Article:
Shoulder Pain with Uncertain Cause 

Shoulder pain can have many causes. Pain often comes from the structures that surround the shoulder joint. These are the joint capsule, ligaments, tendons, muscles, and bursa. Pain can also come from cartilage in the joint. Cartilage can become worn out or injured. It’s important to know what’s causing your pain so the healthcare provider can use the correct treatment. But sometimes it’s difficult to find the exact cause of shoulder pain. You may need to see a specialist (orthopedist). You may also need special tests such as a CT scan or MRI. The provider may need to use special tools to look inside the joint (arthroscopy).

Shoulder pain can be treated with a sling or a device that keeps your shoulder from moving. You can take an anti-inflammatory medicine such as ibuprofen to ease pain. You may need to do special shoulder exercises. Follow up with a specialist if the pain is severe or doesn’t go away after a few weeks.

Home care

Follow these tips when caring for yourself at home:

  • If a sling was given to you, leave it in place for the time advised by your healthcare provider. If you aren’t sure how long to wear it, ask for advice. If the sling becomes loose, adjust it so that your forearm is level with the ground. Your shoulder should feel well supported.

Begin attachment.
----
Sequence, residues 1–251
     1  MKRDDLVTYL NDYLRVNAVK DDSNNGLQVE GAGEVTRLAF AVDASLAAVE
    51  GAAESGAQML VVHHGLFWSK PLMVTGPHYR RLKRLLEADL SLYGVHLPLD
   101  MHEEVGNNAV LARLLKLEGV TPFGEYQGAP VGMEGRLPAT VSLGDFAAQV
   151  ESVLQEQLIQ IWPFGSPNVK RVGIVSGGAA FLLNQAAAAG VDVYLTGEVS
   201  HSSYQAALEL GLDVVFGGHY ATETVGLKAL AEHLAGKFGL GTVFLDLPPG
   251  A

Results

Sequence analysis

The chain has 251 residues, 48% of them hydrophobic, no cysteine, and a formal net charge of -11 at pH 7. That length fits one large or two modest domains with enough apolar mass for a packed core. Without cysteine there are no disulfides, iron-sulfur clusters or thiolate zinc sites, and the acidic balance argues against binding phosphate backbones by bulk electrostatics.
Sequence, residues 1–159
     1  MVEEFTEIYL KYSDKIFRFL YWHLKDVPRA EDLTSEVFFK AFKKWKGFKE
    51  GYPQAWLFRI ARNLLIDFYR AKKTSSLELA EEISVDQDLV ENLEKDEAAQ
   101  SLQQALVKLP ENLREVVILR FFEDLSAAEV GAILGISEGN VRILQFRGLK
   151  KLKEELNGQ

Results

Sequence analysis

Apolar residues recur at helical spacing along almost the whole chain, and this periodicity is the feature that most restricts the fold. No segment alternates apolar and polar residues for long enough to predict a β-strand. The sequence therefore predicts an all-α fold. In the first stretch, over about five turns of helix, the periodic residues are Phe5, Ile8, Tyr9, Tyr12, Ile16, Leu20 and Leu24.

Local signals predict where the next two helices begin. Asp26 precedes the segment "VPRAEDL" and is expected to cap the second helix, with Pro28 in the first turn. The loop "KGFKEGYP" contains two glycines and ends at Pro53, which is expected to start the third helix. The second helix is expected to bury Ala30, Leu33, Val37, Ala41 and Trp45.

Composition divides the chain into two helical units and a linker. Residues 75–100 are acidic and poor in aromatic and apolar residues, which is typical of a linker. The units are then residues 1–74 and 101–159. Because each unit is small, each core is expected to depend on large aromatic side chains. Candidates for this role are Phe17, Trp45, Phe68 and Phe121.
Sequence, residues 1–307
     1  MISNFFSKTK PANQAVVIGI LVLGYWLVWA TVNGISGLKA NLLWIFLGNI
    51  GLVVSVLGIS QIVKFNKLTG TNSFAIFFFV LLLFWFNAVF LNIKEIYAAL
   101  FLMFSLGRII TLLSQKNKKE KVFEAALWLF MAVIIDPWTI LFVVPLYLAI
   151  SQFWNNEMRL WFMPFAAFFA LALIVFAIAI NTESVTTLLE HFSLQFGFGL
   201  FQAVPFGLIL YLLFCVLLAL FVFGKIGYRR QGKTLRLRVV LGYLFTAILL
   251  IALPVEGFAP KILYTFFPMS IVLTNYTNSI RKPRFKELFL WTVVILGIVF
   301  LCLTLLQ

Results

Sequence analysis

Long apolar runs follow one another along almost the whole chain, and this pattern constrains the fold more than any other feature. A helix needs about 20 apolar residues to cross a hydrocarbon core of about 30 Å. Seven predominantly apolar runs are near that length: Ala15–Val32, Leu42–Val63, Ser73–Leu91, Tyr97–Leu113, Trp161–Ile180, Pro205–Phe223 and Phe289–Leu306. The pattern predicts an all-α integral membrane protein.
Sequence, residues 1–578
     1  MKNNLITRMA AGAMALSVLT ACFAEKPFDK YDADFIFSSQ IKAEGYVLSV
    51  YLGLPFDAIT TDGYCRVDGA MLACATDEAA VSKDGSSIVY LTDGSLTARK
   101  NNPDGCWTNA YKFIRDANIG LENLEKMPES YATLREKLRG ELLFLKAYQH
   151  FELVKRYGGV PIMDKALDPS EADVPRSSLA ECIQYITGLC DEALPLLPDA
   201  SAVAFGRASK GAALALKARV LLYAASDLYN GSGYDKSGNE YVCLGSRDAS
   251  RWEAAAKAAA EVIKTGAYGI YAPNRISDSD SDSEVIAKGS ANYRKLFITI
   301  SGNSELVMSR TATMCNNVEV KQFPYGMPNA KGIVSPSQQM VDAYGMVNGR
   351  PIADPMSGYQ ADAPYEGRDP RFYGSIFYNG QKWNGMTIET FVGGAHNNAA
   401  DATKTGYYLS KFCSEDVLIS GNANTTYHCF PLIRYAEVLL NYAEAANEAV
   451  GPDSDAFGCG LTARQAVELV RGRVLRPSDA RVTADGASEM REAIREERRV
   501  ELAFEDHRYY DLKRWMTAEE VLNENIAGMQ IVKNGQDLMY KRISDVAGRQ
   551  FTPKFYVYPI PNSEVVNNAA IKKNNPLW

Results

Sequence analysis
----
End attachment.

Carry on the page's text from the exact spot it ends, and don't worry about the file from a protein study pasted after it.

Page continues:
• Put an ice pack on the injured area for 20 minutes every 1 to 2 hours the first day. You can make your own ice pack by putting ice cubes in a plastic bag. Wrap the bag in a thin towel. Continue with ice packs 3 to 4 times a day for the next 2 days. Then use the pack as needed to ease pain and swelling.

  • You may use acetaminophen or ibuprofen to control pain, unless another pain medicine was prescribed. If you have chronic liver or kidney disease, talk with your healthcare provider before using these medicines. Also talk with your provider if you’ve ever had a stomach ulcer or digestive bleeding.

  • Shoulder pain may seem worse at night, when there is less to distract you from the pain. If you sleep on your side, try to keep weight off your painful shoulder. Propping pillows behind you may stop you from rolling over onto that shoulder during sleep. 

  • Shoulder and elbow joints can become stiff if left in a sling for too long. You should start range of motion exercises about 7 to 10 days after the injury. Talk with your provider to find out what type of exercises to do and how soon to start.

  • You can take the sling off to shower or bathe.

Follow-up care

Follow up with your healthcare provider if you don’t start to get better in the next 5 days.

When to seek medical advice

Call your healthcare provider right away if any of these occur:

  • Pain or swelling gets worse or continues for more than a few days

  • Your hand or fingers become cold, blue, numb, or tingly

  • Large amount of bruising on your shoulder or upper arm

  • Trouble moving your hand or fingers

  • Weakness in your hand or fingers

  • Your shoulder becomes stiff

  • It feels like your shoulder is popping out

  • You are less able to do your daily activities

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